Watson Institute for International and Public Affairs

Rebecca Weitz-Shapiro

+1 401 863 6478
Prospect House


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Rebecca Weitz-Shapiro

Stanley J. Bernstein '65 P'02 Assistant Professor of Political Science


Rebecca Weitz-Shapiro is the Stanley J. Bernstein Assistant Professor of Political Science at Brown University. Her research seeks to understand variation in political responsiveness and government accountability in Latin America.  She has published a book, "Curbing Clientelism in Argentina: Politics, Poverty, and Social Policy," with Cambridge University Press (2014) and many articles in scholarly journals. Her current projects examine citizen attitudes towards corruption, and the functioning of government oversight agencies.

Professor Weitz-Shapiro received a PhD from Columbia University and an AB from the Woodrow Wilson School at Princeton University. She has been a Fulbright scholar in Argentina and a visiting scholar at the Juan March Institute in Madrid.

She has ongoing projects that examine citizen attitudes towards corruption and mechanisms of state oversight in Brazil and Argentina. She is working on developing new measures of political sophistication that are more appropriate for countries outside of the long-standing, wealthy democracies. She has published or forthcoming articles in the American Journal of Political Science, Journal of Politics, Comparative Politics, Comparative Political Studies, Journal of Politics in Latin America, Latin American Research Review, and Latin American Politics and Society.


Professor Weitz-Shapiro is currently focusing on two major ongoing projects. The first, joint with Matthew S. Winters (University of Illinois) focuses on citizen attitudes towards political corruption. In a democracy, if corrupt politicians are elected, it is because they have received the support of voters. Given popular distaste for corruption, why would this be the case, and under what conditions are citizens most likely to actually punish corrupt politicians? In a series of papers that draw on original experiments embedded in two nationally-representative surveys in Brazil (conducted in 2010 and 2013), Weitz-Shapiro and Winters argue that the extent to which citizens punish elected officials for corruption depends on the nature of information available about corruption and citizens’ abilities to process that information. This project also includes a survey experiment in Argentina.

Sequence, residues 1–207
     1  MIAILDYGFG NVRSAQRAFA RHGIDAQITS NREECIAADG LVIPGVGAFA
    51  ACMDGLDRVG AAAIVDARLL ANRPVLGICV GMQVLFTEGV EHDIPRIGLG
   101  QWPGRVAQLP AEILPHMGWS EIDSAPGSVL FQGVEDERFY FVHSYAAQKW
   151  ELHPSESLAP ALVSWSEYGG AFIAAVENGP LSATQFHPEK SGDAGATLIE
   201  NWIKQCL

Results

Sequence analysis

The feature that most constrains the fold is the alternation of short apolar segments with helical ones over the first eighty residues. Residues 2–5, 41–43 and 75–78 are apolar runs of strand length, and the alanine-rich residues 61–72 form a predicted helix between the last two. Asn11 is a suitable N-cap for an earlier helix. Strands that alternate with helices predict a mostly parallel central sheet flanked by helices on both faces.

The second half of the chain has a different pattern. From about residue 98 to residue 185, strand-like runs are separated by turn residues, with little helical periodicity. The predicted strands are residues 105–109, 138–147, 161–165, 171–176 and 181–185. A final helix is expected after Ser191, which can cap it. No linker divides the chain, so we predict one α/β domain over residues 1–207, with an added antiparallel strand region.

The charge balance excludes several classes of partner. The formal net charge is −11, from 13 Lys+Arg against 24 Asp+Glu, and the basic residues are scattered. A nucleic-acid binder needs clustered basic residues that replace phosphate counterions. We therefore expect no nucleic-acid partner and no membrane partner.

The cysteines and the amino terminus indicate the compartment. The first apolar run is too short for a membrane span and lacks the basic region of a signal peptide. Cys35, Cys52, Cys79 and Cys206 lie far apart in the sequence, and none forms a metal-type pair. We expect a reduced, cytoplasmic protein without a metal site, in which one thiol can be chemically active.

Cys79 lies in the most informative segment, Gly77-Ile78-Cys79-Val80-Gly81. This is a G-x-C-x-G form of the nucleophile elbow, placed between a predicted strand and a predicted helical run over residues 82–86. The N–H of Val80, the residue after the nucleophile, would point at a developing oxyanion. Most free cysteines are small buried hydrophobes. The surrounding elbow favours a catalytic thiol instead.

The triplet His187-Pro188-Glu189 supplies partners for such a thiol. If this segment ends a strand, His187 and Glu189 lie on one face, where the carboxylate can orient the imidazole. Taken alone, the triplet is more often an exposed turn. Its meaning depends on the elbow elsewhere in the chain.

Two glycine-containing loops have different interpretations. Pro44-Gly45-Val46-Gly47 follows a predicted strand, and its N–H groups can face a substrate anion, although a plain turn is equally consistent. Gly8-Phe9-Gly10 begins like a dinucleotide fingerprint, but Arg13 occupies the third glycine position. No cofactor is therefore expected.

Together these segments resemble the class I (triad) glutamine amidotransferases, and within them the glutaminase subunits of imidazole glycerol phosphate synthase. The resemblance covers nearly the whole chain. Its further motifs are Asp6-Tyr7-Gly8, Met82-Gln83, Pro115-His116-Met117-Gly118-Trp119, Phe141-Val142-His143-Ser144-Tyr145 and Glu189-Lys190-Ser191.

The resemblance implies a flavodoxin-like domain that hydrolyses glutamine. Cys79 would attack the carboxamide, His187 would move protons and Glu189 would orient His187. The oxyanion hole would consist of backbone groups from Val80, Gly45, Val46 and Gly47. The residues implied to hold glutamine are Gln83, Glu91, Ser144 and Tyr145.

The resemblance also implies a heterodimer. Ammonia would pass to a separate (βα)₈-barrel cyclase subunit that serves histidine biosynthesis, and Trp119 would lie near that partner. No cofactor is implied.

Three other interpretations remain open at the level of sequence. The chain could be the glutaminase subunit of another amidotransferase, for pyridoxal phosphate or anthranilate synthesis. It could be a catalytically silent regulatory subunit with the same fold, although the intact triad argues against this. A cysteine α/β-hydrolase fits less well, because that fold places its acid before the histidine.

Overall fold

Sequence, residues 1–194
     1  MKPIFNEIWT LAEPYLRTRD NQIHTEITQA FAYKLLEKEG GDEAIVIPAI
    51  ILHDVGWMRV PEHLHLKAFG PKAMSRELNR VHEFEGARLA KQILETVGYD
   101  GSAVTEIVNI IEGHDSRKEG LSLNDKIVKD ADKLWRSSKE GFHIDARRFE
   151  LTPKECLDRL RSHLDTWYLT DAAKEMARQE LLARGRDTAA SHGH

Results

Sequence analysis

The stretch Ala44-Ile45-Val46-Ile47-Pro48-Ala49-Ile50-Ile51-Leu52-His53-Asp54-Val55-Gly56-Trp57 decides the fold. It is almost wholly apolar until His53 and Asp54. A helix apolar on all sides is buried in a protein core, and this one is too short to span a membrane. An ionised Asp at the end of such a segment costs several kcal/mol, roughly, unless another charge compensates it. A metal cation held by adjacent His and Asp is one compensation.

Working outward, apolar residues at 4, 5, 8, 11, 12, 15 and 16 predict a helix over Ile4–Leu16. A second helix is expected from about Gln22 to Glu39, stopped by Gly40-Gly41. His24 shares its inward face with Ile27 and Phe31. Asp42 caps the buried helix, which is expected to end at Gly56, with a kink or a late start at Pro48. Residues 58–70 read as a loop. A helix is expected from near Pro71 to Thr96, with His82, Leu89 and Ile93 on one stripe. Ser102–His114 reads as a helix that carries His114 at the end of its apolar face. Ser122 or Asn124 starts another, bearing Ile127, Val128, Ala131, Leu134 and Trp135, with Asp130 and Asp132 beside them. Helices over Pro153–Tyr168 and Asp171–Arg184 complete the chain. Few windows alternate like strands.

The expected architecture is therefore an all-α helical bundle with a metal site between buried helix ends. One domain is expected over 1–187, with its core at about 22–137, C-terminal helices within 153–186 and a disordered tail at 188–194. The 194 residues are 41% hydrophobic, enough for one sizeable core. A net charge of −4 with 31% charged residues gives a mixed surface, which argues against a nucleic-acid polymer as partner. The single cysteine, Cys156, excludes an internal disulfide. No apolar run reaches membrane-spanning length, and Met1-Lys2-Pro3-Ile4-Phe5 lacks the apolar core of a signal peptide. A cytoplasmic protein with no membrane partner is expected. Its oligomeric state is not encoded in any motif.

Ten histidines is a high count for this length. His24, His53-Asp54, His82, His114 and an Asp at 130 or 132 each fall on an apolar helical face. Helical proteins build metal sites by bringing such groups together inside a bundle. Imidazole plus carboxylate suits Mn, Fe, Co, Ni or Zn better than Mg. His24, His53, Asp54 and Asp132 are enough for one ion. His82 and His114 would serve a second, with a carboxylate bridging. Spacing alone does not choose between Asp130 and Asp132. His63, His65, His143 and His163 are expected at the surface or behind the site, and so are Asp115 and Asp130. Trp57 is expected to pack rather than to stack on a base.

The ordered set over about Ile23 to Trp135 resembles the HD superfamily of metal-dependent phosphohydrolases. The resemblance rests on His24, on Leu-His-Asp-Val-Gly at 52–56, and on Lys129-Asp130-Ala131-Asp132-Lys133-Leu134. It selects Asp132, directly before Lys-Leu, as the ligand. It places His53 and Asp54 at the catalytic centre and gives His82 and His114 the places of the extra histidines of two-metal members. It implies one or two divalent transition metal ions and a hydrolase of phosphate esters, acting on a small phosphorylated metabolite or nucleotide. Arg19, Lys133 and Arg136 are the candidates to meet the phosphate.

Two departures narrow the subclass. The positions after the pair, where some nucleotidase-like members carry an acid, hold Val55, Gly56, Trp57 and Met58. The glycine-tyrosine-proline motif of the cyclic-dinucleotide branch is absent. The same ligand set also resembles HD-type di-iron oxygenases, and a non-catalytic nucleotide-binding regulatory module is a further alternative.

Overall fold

Her second major project focuses on variation in the performance of horizontal accountability institutions—independent government bodies charged with overseeing the performance of other government actors. What explains why these oversight institutions sometimes perform the functions they are charged with carrying out and at other times fail to do so? Professor Weitz-Shapiro examines this question through the lens of Argentina and Brazil’s subnational (provincial and state) audit courts and is developing original datasets on the identities of audit court appointees in both countries. 


“Curbing Clientelism in Argentina: Politics, Poverty, and Social Policy”

(Cambridge University Press, 2014)

Winner of Van Cott Book Award for best book on Latin American political institutions published in 2014, Political Institutions Section, LASA

“Political Corruption and Partisan Engagement: Evidence from Brazil” (with Matthew S. Winters) Journal of Politics in Latin America, April 2015

“Lacking Information or Condoning Corruption: When Do Voters Support Corrupt Politicians?” (with Matthew S. Winters) Comparative Politics, 45:4, 2013.

“What Wins Votes: Why Some Politicians Opt Out of Clientelism” American Journal of Political Science, 56:3, 2012. (Sage Prize for Best Paper in Comparative Politics presented at the 2011 APSA Annual Meeting)

“The Link Between Voting and Life Satisfaction in Latin America” (with Matthew S. Winters) Latin American Politics and Society 53:4, 2011.

“Why Primaries in Latin American Presidential Elections?" (with Ozge Kemahlioglu and Shigeo Hirano) Journal of Politics 71:1, 2009

“The Local Connection: Local Government Performance and Satisfaction with

Democracy in Argentina,” Comparative Political Studies, 41:3, 2008 (Best paper award from the Latin American Political Institutions Section (LAPIS) at the 2006 Latin American Studies Association Congress)